We all have dreams. Call them aspirations if you will. A big white wedding dress, travelling the world, buying a certain car, getting that promotion, running a marathon. Everyone’s are different, some might seem small, but to the person whose dream they are they are huge, important and memorable.
For me a lot of my aspirations have been career-related. Think what you will of that, but that’s just the way it is.
When I was younger, it was seeing the words I’d written in print – with my name alongside them. Then it was doing certain ‘journalisty’ things – covering stories in a warzone, covering a court case at the Old Bailey, interviewing royalty or Prime Ministers. Fast forward a few years and the dream shifted – writing features on food and being paid to do it, being taken to exciting places to try new things as a ‘food writer’ rather than a news reporter.
Writing for Delicious Magazine.
Ask any freelancers about their dream publication and they’ll have one. Some may not be able to explain why they’re so desperate to see their words in that particular newspaper or magazine. Some can. For me it’s about nostalgia. I remember leafing through Delicious when I was younger and drooling over recipes. Cutting them out and carefully arranging them in plastic sleeves in a lever-arch file for future use. Cooking from some of them and dreaming to cook from others.
Back then I’m not even sure I actually read the features in them, but the magazine was a source of comfort. It’s something I’ll pick up when grabbing reading material for flights or long journeys, or to take on holiday and leaf through on a lounger while drinking too many cocktails and eating unnecessary snacks (is there any such thing?).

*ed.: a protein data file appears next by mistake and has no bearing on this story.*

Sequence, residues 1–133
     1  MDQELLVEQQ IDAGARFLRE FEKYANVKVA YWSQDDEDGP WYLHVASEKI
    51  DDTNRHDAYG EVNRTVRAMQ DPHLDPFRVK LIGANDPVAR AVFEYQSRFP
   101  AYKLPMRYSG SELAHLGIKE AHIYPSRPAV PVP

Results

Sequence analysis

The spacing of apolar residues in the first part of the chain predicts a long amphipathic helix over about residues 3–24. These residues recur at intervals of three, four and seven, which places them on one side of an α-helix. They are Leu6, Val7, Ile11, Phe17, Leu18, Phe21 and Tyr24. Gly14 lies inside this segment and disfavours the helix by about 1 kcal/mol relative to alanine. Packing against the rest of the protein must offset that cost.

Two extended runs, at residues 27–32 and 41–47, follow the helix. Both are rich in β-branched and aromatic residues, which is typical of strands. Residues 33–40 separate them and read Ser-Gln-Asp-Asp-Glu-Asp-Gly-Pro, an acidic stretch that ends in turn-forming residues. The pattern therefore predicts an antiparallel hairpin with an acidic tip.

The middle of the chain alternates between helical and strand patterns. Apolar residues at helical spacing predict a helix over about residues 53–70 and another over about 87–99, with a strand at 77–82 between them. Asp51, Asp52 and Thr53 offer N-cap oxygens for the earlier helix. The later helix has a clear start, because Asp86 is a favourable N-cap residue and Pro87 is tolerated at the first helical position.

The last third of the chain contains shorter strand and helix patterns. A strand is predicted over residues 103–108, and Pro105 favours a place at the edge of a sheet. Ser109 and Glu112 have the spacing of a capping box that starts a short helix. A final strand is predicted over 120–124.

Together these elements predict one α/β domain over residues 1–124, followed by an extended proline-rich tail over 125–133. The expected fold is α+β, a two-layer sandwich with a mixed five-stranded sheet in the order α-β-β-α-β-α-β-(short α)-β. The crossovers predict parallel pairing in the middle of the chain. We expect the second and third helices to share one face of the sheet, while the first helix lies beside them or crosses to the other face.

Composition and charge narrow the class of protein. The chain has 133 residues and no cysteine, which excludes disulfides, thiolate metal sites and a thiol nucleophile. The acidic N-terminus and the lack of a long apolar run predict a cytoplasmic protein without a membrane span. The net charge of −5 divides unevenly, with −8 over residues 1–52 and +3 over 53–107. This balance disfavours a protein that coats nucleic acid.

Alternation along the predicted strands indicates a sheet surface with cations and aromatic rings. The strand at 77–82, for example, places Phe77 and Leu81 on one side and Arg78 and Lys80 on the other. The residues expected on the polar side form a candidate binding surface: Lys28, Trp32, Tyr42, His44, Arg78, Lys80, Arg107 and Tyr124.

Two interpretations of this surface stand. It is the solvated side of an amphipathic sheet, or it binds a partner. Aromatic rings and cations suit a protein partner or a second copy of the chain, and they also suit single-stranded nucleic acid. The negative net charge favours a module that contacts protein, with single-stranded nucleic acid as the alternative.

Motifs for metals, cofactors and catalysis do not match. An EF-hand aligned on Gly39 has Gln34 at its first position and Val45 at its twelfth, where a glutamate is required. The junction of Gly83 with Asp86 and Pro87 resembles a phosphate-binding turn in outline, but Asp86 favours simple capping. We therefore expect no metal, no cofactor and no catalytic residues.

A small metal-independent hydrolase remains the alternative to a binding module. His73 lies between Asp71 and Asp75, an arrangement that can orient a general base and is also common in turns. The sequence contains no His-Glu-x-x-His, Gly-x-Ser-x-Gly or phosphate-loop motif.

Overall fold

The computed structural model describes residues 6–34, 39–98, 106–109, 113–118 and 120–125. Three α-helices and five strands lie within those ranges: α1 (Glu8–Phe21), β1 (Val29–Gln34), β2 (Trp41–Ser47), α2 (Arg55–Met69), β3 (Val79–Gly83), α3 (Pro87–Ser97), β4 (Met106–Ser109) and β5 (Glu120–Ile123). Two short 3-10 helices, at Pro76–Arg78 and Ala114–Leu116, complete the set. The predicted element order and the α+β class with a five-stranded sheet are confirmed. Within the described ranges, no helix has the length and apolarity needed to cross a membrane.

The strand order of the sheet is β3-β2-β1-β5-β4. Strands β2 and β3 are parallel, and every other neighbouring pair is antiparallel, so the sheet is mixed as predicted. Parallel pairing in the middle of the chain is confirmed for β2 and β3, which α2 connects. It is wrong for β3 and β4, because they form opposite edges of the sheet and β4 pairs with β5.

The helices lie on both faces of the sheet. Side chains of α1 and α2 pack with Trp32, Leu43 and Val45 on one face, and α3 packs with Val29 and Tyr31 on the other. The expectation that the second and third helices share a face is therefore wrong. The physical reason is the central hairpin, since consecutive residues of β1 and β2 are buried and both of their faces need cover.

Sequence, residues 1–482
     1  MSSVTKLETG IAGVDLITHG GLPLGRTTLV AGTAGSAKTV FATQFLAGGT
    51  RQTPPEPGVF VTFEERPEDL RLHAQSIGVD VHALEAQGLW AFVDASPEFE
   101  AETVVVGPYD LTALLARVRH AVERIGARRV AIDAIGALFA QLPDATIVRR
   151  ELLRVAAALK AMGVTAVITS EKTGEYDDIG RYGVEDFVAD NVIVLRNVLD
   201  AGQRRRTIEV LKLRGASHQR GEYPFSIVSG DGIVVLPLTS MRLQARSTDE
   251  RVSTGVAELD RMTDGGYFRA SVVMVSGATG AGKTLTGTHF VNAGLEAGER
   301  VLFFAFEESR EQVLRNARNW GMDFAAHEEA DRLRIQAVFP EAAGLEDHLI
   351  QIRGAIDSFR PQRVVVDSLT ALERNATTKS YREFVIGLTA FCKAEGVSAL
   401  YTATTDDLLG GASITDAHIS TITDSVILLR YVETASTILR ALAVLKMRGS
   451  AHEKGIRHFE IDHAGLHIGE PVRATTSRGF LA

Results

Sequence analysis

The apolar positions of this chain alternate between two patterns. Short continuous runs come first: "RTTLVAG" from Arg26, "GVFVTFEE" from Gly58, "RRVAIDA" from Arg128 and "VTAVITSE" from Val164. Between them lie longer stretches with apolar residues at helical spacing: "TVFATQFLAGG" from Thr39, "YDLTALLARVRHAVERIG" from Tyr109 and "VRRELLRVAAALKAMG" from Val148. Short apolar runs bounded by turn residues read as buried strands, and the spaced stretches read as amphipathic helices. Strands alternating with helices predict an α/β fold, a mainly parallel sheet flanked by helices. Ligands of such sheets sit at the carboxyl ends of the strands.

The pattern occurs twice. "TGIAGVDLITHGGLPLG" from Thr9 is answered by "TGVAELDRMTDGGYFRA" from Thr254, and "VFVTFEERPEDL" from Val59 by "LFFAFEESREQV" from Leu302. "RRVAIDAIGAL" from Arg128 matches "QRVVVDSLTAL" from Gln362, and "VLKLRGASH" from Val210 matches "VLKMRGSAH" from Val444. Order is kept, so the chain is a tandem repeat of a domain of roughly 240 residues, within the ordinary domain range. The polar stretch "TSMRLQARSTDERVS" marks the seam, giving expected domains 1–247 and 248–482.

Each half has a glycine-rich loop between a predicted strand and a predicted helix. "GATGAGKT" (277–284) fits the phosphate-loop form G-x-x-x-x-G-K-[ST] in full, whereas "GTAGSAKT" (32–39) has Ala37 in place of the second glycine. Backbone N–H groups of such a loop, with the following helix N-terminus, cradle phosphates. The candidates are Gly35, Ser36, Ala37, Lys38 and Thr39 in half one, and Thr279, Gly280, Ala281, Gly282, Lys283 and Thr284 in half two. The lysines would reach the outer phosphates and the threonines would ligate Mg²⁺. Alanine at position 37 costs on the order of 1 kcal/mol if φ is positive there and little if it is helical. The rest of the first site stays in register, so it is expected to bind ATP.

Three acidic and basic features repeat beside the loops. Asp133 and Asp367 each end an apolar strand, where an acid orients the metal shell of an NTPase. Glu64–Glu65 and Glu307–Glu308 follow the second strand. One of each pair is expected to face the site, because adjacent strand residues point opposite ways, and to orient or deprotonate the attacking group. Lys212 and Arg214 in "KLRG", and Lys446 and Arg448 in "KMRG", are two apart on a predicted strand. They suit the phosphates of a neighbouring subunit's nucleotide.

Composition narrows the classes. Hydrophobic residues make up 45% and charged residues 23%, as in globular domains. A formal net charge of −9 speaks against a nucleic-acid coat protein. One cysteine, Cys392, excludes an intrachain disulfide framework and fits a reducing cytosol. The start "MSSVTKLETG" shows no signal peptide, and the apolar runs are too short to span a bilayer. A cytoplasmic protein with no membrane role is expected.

Since I went freelance and realised that yes, I could persuade people who I wasn’t directly employed by to publish my work, I have wanted to write for Delicious. I’ve pitched ideas, they haven’t been right. I kept trying. You see, with freelancing there are myriad reasons why a publication might say no (to find out more about this you’d do far worse than visiting Hazel and Heidi at Muse Flash, they are the dons of pitching and taught me a lot of what I’ve learned over the last four years). But those reasons aren’t necessarily that your idea isn’t any good – it just might not be right for that publication, that particular time, that issue or that editor.
So you keep trying. And one day, when you’ve honed what your idea is, whether it’s right for that publication, and picked the right time to send it, it happens. Four years after I turned freelance, amidst a global pandemic that created some pretty unprecedented conditions for all of us, freelance journalists included, I saw my name in print in Delicious magazine, talking about how coronavirus had meant I had finally learned to cook.
I’m sharing this to remind us all that yes, dreams and aspirations do happen, sometimes at the most unexpected of times. Maybe it’s trite and overly-positive, but we need some of that now more than ever. So whether you’re an old hat, a new starter, or just looking for a bit of a pick-me-up, don’t give up. It will happen, and probably when you least expect it.